BOTH the administration and opposition solons in the House of Representatives are not satisfied with the government’s way of addressing the traffic problem in the country’s key cities.
Speaker Pantaleon Alvarez and Minority Leader Danilo Suarez said President Rodrigo Duterte should also give priority to other pressing problems of the country particularly the worsening traffic that is adversely affecting the economy.
“Sad to say, wala pa akong nararamdaman na improvement as far as traffic is concerned sa Metro Manila and maybe Metro Cebu,” Alvarez said.
While Alvarez described Duterte’s first 100 days as successful in crime and drug busting, he urged the President to make a policy on easing the monstrous traffic in the big urban centers.
Meanwhile, Alvarez believes that the local government units (LGUs) should also help the national government in addressing the worsening traffic.
On the other hand, the opposition group is asking the Department of Transportation (DoTr) its plans and programs to solve the traffic.
“The improvement of the traffic condition would depend on the speculative plans of the DoTr,” Suarez said.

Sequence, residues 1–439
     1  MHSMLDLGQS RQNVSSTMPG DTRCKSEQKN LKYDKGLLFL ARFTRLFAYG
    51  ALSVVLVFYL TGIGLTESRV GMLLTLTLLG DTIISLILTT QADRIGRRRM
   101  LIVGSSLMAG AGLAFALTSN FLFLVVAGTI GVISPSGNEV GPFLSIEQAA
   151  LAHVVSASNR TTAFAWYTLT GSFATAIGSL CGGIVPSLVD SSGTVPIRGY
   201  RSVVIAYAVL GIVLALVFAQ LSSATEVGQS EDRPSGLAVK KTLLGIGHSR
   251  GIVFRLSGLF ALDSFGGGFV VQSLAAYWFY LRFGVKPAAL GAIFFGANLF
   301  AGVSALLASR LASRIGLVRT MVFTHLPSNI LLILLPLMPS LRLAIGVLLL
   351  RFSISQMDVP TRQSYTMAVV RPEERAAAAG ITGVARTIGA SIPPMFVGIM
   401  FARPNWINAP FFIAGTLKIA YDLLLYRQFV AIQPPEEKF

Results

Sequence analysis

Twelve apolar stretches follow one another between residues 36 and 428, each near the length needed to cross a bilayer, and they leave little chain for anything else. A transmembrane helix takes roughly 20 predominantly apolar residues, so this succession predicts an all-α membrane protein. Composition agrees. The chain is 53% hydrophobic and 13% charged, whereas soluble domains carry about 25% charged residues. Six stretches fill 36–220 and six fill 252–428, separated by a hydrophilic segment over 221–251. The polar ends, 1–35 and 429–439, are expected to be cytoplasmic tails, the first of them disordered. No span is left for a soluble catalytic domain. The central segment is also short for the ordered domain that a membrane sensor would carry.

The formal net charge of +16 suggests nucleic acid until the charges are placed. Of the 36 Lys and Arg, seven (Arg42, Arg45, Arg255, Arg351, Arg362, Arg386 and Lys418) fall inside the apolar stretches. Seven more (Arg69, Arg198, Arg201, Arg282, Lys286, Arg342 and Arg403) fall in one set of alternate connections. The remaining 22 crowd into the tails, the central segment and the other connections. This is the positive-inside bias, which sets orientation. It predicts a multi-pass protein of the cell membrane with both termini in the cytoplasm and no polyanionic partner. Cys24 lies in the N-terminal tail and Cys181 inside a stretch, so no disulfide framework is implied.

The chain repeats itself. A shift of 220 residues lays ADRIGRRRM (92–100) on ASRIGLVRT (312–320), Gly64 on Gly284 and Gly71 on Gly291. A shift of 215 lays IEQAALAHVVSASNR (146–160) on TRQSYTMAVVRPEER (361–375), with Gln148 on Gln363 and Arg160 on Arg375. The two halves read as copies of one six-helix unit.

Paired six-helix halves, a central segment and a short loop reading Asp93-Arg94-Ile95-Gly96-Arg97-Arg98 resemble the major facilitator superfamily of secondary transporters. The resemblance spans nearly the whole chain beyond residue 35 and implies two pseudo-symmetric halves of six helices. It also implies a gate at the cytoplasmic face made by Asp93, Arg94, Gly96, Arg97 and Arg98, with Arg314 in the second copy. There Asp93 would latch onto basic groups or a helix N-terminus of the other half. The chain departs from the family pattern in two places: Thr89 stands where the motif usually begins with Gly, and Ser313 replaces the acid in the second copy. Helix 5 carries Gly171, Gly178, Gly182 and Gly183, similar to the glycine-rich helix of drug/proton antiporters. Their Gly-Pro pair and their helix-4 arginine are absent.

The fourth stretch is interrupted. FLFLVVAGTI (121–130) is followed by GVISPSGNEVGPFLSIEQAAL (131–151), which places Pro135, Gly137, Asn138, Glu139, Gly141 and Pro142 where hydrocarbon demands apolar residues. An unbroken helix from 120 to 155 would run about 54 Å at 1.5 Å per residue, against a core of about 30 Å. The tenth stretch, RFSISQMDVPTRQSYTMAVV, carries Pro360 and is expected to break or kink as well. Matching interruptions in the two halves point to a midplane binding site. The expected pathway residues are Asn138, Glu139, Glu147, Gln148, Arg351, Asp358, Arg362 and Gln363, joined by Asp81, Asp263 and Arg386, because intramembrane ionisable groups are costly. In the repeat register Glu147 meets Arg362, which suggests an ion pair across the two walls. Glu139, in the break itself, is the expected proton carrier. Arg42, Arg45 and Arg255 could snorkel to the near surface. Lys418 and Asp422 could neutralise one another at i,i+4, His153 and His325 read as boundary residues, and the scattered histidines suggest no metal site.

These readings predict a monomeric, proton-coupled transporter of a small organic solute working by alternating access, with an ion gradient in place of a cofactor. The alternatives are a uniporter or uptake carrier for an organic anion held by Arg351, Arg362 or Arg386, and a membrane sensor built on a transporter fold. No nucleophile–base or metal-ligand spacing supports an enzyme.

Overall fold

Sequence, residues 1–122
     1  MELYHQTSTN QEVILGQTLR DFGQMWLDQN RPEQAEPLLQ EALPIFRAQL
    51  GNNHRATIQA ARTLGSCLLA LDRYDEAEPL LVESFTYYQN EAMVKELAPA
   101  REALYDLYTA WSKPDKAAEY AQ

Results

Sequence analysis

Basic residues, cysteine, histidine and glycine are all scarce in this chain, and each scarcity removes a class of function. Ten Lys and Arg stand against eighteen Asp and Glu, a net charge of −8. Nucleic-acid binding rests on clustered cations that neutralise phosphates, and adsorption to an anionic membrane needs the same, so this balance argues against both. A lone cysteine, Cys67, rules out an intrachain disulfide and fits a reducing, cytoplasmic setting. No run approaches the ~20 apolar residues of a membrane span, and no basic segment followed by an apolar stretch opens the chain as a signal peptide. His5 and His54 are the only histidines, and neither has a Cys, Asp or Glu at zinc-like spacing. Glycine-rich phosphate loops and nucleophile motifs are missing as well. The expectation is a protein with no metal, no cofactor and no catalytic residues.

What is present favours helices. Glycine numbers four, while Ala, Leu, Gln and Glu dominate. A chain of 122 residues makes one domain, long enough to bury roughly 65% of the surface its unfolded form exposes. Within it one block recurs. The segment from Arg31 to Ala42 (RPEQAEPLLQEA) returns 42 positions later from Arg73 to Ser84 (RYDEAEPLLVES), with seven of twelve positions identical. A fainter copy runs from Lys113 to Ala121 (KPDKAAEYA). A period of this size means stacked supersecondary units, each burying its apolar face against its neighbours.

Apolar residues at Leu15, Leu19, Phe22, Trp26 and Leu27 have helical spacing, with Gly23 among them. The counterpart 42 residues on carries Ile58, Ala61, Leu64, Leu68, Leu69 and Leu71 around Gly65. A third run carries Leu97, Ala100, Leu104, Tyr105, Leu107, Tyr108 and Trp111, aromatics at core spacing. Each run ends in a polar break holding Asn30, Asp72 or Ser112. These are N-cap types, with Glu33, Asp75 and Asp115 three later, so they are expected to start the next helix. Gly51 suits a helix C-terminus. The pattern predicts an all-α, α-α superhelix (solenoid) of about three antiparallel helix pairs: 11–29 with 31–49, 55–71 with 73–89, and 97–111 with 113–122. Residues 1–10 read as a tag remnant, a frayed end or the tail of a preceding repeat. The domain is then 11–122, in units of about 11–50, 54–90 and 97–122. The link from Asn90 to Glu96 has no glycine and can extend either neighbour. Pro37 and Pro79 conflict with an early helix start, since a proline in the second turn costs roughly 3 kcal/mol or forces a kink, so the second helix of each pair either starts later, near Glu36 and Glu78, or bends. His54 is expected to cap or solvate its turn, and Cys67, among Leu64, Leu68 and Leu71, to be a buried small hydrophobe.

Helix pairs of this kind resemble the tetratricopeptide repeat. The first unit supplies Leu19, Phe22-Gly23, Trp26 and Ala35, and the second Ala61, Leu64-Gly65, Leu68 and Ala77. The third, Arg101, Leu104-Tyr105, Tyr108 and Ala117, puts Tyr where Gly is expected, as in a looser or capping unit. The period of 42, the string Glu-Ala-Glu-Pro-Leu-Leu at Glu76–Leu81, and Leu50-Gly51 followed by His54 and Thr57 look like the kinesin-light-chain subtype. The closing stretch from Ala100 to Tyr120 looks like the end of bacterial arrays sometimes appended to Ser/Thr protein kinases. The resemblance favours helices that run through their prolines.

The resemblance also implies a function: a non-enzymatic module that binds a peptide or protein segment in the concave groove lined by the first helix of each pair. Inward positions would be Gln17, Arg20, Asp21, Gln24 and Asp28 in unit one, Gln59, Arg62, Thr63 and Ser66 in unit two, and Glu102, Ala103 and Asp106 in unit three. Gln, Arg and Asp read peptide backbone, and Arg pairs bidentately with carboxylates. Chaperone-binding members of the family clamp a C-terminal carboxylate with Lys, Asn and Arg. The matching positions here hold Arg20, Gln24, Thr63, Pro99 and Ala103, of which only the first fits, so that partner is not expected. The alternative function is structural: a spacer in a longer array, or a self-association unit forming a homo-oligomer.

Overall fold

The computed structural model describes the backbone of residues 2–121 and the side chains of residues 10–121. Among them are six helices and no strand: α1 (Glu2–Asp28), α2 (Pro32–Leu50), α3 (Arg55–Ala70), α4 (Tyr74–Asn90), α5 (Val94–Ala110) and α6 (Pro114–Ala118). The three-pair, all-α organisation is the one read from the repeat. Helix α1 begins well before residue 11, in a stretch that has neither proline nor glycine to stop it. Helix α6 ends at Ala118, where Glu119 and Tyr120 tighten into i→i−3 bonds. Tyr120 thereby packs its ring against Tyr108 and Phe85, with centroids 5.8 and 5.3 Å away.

“One hundred days to Digong’s presidency, we now want to see a President who is equally aggressive in his approach to crucial issues regarding traffic, flood control, taxation, education, health, poverty, hunger, housing and other issues,” the opposition leader added.
In a related story, the DoTr and a private group have started the modernization of the transport system.
Yesterday, the Kilusan sa Pagbabago ng Industriya ng Transportasyon (KAPIT) chaired by Atty. Vigor Mendoza launched the new BEEPS or Bagong Jeeps.
Initially, more than 10 units of BEEPS were turned-over to drivers/operators to replace their old and nearly-phased out jeepneys.
“We are targeting the poorest of the poor operators and drivers o ang mga nasa laylayan ng industriya,” Mendoza said.
With the assistance of the Development Bank of the Philippines (DBP) and Jinbei Manufacturing of China, the KAPIT is targeting at least 1,000 units to be distributed to poor drivers or operators, for them to replace their old jeepneys.
“Admittedly, we cannot help everyone given the huge capital requirement, we hope that, through this private sector initiative, government will come in and continue where we no longer can, and do the change to be done to make the Philippine transport system at par with the best in the world,” Mendoza added.